What is economic risk? Definition and example

“Economic Risk refers to the likelihood that macroeconomic conditions (conditions in the whole economy) may affect an investment or a company’s prospects domestically or abroad.

The economic risks may include exchange rate fluctuations, a shift in government policy or regulations, political instability, or the introduction of economic sanctions.

Financial analysts use a variety of econometric models and indicators, such as the Economic Uncertainty Index, to quantify and forecast these economic risks.

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Image created by Market Business News.

Doing business and investing money always comes with an element of risk. Economic risks are often the most difficult to foresee. While today the horizon at home or in a specific foreign country may seem clear and promising, dark clouds can rapidly bubble up, thus changing the whole business environment.

In project financing, economic risk is the likelihood that a project’s output will not have a sale value that will cover its operating and maintenance costs, as well as its debt service requirements.

An example of economic risk

Imagine a new left-of-center political party wins the general elections in a country where your oil & gas company, XYZ Inc. operates and has invested heavily.

After two years, the party’s policies shift further to the left, and the president and cabinet members start aiming their rhetoric at the private sector, particularly foreign-owned companies.

One day the president announces that the oil & gas industry will be nationalized. Your company is offered compensation which significantly undervalues its true worth.

The risk of losing that operation abroad due to nationalization has become a reality. Your company loses a lot of money and is unlikely to recoup its investment, even if you take the foreign government to international tribunals.

Companies that operate or operated in Venezuela have suffered similar problems, as well as a plummeting local currency and a raft of new anti-business legislation.

Economic risk is an important factor

Before considering whether to go ahead with a new project, it is vital to factor in the economic risk, and to only proceed if the potential risks are significantly outweighed by the likely benefits.

While economic risk tends to refer to doing business or investing abroad, things can also go wrong at home – the term applies to any country, including your own.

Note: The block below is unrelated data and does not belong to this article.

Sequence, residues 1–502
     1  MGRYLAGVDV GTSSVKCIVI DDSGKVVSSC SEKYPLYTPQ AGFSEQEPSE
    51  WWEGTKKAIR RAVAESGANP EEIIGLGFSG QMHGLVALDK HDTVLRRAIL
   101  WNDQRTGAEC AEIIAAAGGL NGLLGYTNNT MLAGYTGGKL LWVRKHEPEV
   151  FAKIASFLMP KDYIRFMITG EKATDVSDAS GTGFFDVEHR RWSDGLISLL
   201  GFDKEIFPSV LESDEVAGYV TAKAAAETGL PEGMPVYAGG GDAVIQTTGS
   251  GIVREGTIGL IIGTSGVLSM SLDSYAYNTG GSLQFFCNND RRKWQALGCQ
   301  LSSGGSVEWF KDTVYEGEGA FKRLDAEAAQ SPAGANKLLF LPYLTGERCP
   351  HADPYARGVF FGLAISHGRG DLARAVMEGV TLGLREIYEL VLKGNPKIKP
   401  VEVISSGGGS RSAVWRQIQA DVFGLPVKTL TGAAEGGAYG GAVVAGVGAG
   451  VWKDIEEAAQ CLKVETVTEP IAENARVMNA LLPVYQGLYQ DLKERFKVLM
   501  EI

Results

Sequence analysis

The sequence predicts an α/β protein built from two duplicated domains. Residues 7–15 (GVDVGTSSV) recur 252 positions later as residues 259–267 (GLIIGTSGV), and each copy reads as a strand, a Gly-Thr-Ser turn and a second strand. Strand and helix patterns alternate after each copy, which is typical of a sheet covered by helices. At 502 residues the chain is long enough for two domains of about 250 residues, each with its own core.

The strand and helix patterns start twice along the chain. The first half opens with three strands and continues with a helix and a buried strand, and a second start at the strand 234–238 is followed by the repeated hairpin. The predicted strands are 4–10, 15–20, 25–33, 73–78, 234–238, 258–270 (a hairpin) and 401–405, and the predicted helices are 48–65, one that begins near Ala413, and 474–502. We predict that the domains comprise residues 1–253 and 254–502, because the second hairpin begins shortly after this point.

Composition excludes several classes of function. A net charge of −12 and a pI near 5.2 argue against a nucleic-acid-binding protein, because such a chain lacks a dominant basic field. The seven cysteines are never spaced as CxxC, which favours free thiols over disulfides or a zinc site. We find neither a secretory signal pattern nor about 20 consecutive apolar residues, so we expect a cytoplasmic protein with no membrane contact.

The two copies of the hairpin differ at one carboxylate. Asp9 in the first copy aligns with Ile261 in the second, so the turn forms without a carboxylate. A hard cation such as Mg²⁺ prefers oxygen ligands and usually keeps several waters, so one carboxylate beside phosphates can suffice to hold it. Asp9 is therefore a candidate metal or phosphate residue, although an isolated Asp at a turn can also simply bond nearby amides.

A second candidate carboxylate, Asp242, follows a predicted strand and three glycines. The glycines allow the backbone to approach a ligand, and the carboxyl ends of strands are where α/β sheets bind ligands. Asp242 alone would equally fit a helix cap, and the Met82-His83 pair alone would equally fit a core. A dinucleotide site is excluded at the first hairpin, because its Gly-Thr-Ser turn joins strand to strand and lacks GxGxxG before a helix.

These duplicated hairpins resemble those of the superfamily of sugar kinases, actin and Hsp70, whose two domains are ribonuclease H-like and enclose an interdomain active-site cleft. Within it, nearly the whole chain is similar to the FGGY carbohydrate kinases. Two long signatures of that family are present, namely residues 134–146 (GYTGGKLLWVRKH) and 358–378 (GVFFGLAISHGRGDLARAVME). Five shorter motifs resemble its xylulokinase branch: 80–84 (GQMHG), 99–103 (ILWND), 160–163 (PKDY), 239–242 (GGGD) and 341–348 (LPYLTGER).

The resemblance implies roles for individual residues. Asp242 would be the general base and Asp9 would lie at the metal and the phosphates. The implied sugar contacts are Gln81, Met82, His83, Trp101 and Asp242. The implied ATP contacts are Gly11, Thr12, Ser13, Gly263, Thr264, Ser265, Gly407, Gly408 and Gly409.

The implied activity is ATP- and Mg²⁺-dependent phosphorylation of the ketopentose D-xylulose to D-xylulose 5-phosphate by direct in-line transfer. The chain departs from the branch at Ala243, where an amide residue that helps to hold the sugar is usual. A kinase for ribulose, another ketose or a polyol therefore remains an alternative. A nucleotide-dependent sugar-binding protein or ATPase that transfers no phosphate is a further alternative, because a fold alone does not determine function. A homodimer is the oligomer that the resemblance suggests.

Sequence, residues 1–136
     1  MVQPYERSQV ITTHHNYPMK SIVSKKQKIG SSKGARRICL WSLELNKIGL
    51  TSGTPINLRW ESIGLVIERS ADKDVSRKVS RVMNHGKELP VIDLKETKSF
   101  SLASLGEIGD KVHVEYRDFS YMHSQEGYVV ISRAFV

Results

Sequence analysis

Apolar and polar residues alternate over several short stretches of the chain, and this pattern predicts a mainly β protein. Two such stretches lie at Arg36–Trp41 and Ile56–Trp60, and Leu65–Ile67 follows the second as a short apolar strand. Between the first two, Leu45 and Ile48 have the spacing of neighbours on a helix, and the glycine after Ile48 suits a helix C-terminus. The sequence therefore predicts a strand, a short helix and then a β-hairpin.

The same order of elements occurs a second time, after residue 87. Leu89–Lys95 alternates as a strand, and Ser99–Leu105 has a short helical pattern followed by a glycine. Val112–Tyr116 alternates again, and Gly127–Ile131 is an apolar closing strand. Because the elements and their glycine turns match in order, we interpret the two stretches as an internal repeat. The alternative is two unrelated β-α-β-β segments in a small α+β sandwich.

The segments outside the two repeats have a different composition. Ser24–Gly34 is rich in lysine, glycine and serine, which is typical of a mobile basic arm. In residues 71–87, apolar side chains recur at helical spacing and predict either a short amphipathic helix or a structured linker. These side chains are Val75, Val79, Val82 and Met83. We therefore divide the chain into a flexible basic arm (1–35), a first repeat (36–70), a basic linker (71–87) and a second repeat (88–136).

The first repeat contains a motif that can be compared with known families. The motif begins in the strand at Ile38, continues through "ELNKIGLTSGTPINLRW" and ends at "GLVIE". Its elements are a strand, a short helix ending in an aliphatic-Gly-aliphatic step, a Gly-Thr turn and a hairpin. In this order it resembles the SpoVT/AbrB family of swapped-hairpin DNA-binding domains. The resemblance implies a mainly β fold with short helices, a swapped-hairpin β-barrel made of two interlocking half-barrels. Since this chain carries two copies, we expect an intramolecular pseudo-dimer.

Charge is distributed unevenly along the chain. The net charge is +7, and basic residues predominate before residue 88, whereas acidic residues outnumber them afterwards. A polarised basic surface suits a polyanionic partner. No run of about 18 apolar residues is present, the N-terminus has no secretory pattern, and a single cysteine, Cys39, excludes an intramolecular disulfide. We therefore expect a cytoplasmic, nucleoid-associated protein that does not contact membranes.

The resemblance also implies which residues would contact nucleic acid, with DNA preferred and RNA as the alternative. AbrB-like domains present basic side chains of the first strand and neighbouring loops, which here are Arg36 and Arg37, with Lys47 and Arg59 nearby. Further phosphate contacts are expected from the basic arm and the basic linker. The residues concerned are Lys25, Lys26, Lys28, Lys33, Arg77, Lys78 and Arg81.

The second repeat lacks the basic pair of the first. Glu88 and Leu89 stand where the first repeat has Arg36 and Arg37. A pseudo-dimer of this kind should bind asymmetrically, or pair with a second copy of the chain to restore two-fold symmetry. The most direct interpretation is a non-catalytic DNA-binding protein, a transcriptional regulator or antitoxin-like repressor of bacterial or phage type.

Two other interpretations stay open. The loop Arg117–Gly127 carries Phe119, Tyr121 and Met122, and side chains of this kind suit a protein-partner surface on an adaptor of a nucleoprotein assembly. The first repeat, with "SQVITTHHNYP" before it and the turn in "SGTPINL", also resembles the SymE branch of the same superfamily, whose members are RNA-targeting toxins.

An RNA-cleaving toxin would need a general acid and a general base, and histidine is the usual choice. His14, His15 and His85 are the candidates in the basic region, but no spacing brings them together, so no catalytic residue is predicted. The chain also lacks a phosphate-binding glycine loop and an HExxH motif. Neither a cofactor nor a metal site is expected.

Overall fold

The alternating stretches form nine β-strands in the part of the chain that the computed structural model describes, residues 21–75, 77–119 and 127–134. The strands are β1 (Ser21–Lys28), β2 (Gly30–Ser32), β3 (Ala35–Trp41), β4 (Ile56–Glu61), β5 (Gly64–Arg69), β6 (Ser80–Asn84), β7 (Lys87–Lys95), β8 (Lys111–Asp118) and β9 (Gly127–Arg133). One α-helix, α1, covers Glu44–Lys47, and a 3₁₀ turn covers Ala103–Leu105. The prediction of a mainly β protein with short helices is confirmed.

Investing Answers has the following definition of the term:

“Economic risk refers to the possibility that changes in macroeconomic conditions will negatively impact a company or investment. For instance, political instability or exchange rate fluctuations can impact losses or gains.”

S&P Economic and Industry Trends

American financial services company Standard & Poor’s (S&P) publishes Economic and Industry Trend scores, which estimate economic risk in a number of countries.

The company uses the following qualifiers to signal trends in economic and industry risk:

  • Positive

Positive means it thinks the country’s economic or industry risk score may improve over the next six months to two years.

  • Stable

In this case, it believes the score will remain unchanged over the next six months to two years.

  • Negative

Negative means it thinks the score will deteriorate over the next six months to two years.

According to S&P:

“We apply a positive or negative qualifier when we believe there is at least a one-in-three likelihood that a trend may lead to a change in economic or industry risk scores in a banking sector, typically in the next six months to two years.”

To mitigate economic risk, companies often diversify their investments and seek to hedge against potential losses through various financial instruments and insurance products.

“Risk,” vocabulary and concepts

There are many terms in Business English related to “risk.” Let’s have a look at some such compound phrases, their meanings, and how we use them in a sentence:

  • Credit Risk

Possibility of loss from a borrower’s default, i.e., the borrower not paying back a debt.
Example: “Lenders evaluate credit risk to determine interest rates.”

  • Operational Risk

The risk of loss resulting from inadequate or failed internal processes, people, systems, or external events.
Example: “The company audited their procedures to minimize operational risk.”

  • Market Risk

The risk of losses in positions arising from movements in market prices.
Example: “Investors often diversify to reduce market risk.”

  • Reputation Risk

The risk of loss resulting from damages to a firm’s reputation.
Example: “Celebrity endorsements can increase reputation risk.”

  • Liquidity Risk

The risk that a business will not be able to meet its financial obligations as they fall due because it cannot convert assets to cash fast enough.
Example: “The firm managed its cash flow to avoid liquidity risk.”

  • Compliance Risk or Non-Compliance Risk

The risk of legal or regulatory sanctions, material financial loss, or loss to reputation a company may suffer as a result of its failure to comply with laws, regulations, or rules.
Example: “New laws have heightened the company’s compliance risk.”

2 Educational Videos

These two videos come from our sister channel on YouTube – Marketing Business Network. One is about “Economic Risk” and the other is about “Market Risk.” They use easy-to-understand language and examples.

  • What is Economic Risk?

  • What is Market Risk?